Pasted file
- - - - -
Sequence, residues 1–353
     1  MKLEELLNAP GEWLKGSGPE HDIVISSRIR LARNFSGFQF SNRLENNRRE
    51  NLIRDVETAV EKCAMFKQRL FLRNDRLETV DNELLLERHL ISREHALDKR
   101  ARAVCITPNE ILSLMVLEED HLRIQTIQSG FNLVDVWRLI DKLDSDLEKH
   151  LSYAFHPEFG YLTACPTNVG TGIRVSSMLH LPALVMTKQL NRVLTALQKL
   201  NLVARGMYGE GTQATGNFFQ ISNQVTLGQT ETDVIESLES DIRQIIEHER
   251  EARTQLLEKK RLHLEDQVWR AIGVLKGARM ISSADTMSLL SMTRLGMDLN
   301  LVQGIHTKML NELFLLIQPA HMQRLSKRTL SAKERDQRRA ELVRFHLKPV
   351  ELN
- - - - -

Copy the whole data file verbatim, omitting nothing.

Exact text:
Sequence, residues 1–353
     1  MKLEELLNAP GEWLKGSGPE HDIVISSRIR LARNFSGFQF SNRLENNRRE
    51  NLIRDVETAV EKCAMFKQRL FLRNDRLETV DNELLLERHL ISREHALDKR
   101  ARAVCITPNE ILSLMVLEED HLRIQTIQSG FNLVDVWRLI DKLDSDLEKH
   151  LSYAFHPEFG YLTACPTNVG TGIRVSSMLH LPALVMTKQL NRVLTALQKL
   201  NLVARGMYGE GTQATGNFFQ ISNQVTLGQT ETDVIESLES DIRQIIEHER
   251  EARTQLLEKK RLHLEDQVWR AIGVLKGARM ISSADTMSLL SMTRLGMDLN
   301  LVQGIHTKML NELFLLIQPA HMQRLSKRTL SAKERDQRRA ELVRFHLKPV
   351  ELN